Shaky Knees Music Festival: Day Two

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Shaky Knees Music Festival: Day Two

As Atlanta’s inaugural Shaky Knees Festival entered its second and final day for 2013, the sky was blue and the mud was beginning to dry. Although the sun didn’t last all day, the sunny dispositions did and there were several must-see acts that delivered memorable performances. Read up on a few of Paste’s favorite moments and check out the images by photographer Jake Salyers below.

T. Hardy Morris

“Thank God it isn’t raining,” said T. Hardy Morris as he stepped up to the mic to open his Shaky Knees set. No kidding. After a soggy Day 1, we kicked off the second day of the festival with an excellent set by the Dead Confederate frontman under clear skies. Morris performed songs from his upcoming solo album, Audition Tapes, out July 30. “Beauty Rest” in particular featured some compelling lyrics: “Partying is out, partying is dead / Don’t even start, just leave it unsaid / When we were young / When we first met / We went to sleep, but never to bed / You need your beauty rest.” —Bonnie Stiernberg

Shovels & Rope

By the time Shovels & Rope kicked things off on Sunday at the O4W Park Stage, the sun was shining, and fans who had spent the previous day drenched and freezing reveled in the opportunity to peel off a few layers and soak it up—even if it was only temporary. South Carolina duo Shovels & Rope’s lovely harmonies provided the perfect soundtrack for dancing and catching a few rays. —Bonnie Stiernberg

Delta Spirit

A Delta Spirit show is always a fun time. With singer Matt Vasquez’ hurricane-force energy, it’s not a question of if their set will be a good one, but how good. On Sunday afternoon they delivered a strong mix of newer material from their most recent self-titled album (“California,” “Tear It Up”) and Ode to Sunshine favorites “Strange Vine,” “People C’mon” and “Trashcan” that didn’t disappoint. —Bonnie Stiernberg

Kurt Vile & The Violators

According to Vile, Shaky Knees served as the first official stop on his new tour promoting the fantastic Wakin On A Pretty Daze. With his face often obscured behind a mane of long, curly hair, Vile proved not to be the most engaging of performers, occasionally mumbling a “you’re beautiful” to the audience in-between songs; rather, he let the music speak for him, which was perfectly fine by everyone. With songs that often push past the seven-minute mark, Vile and his band The Violators made the most of their one-hour set, whether it involved translating “Jesus Fever” into an extended jam or Vile going at it solo with a lovely acoustic version of “Pure Pain.” While the weather was on Vile’s side for the most part, only during the final few minutes of the set did the clouds overtake the afternoon sun and the predicted rain begin to fall. Luckily, the image of Vile and The Violators thrashing along to the closing number against the downpour only served to give the set an epic, grandiose conclusion. —Mark Rozeman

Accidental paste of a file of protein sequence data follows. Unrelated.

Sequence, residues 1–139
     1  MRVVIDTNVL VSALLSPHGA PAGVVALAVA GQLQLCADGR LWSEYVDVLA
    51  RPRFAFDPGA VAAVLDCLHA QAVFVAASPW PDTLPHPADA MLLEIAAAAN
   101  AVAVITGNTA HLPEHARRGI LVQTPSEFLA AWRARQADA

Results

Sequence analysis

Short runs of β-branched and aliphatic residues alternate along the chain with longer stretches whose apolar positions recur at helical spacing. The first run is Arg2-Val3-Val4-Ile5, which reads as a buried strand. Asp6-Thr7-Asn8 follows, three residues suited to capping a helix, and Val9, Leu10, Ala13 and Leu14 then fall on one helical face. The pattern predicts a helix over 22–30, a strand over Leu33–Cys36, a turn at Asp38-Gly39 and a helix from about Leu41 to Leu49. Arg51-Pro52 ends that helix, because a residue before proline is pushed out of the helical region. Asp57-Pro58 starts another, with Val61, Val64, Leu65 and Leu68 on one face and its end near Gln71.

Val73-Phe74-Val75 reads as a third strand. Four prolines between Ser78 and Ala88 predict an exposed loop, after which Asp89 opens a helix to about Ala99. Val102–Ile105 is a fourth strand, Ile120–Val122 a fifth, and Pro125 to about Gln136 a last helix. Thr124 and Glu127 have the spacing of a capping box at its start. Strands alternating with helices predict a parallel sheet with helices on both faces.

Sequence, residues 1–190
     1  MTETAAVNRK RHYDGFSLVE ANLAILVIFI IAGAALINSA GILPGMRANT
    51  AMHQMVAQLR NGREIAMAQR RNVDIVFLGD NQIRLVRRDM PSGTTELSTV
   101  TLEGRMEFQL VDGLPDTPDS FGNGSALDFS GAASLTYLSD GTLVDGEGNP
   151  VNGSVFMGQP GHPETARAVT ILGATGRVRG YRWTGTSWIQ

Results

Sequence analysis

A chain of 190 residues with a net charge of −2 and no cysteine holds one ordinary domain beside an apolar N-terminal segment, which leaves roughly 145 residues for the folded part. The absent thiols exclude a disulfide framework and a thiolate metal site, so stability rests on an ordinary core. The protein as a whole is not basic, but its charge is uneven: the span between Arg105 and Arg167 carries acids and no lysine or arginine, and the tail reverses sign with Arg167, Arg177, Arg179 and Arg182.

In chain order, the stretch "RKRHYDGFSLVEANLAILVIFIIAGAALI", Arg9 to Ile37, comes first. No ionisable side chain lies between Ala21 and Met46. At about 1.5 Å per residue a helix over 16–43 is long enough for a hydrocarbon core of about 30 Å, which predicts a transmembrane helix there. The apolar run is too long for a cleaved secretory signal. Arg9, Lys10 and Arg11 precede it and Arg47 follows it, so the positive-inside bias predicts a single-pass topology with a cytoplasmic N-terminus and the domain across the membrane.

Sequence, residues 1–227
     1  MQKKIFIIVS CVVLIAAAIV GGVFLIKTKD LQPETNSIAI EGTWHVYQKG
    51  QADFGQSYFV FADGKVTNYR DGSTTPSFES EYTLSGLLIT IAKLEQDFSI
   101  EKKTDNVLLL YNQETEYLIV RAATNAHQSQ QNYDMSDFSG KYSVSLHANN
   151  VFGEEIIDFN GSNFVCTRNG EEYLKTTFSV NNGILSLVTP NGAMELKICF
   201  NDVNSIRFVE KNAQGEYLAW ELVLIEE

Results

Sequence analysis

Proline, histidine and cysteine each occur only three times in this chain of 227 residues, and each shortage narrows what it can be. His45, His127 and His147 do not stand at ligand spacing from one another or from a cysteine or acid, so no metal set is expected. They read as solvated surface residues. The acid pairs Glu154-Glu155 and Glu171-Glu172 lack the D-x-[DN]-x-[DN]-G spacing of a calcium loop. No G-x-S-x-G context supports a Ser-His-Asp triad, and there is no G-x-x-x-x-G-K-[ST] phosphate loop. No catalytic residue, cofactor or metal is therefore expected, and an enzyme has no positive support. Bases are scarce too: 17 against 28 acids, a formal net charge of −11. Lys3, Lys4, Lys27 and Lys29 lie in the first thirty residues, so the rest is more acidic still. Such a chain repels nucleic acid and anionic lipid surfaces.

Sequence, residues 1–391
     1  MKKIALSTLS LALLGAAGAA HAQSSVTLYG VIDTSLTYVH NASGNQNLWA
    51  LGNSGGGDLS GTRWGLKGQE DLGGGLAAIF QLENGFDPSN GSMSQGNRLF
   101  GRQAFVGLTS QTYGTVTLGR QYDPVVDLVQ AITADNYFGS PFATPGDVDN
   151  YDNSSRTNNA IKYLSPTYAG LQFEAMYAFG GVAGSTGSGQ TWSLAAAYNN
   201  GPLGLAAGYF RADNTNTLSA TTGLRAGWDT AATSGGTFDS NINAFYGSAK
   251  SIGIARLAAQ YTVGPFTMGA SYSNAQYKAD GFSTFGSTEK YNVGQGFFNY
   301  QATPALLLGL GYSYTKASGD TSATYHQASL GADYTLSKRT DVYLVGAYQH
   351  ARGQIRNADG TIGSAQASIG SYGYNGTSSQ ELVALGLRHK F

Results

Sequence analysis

Dr. Dog

Like Delta Spirit, Dr. Dog always bring a nearly unparalleled live energy to their shows, and their evening set on the O4W Park Stage was no exception. Singer Toby Leaman in particular absolutely tore into whatever song he was tackling at the moment, whether it was an older favorite like Fate’s “Hang On” or “The Beach” or something off of the band’s most recent album, Be The Void, like “Lonesome”—during which Leaman closed the set by taking a stroll through the crowd. —Bonnie Stiernberg

Drive-By Truckers

By now, Drive-By Truckers might as well be dubbed the patron saints of the southern rock scene. Never one to put on a less-than-stellar show, the Truckers’ gift lies in their ability to approach every performance like it’s their last. Shaky Knees was no different, with the band pulling out fan-favorite staples like “Sink Hole,” “The Living Buddha,” “Marry Me” “Zip City” and “Hell No I Ain’t Happy.” Certainly, in spite of the heavy rain that plagued the latter half of the show, the crowd relished every moment of the hour-and-a-half set, pumping their fists in the air and screaming along to every word. Closing out with the sweeping Southern Rock Opera track “Angels and Fuselage,” the Truckers once again affirmed their status as one of contemporary rock’s finest live acts. —Mark Rozeman

The Lumineers

The clouds had opened up again before The Lumineers’ headlining slot, and the band greeted fans who had been waiting out in the elements for them with a fitting cover of Creedence Clearwater Revival’s “Have You Ever Seen the Rain?” They played all of the favorites off of their self-titled debut, including megahit “Ho Hey,” which they trotted out surprisingly early in the set. The band had a few other unexpected moves up its sleeve as well—a fun cover of Bob Dylan’s “Subterranean Homesick Blues” and a new duet between singers Wesley Schultz and Neyla Pekarek that sounds primed for iPod commercials and movie soundtracks. —Bonnie Stiernberg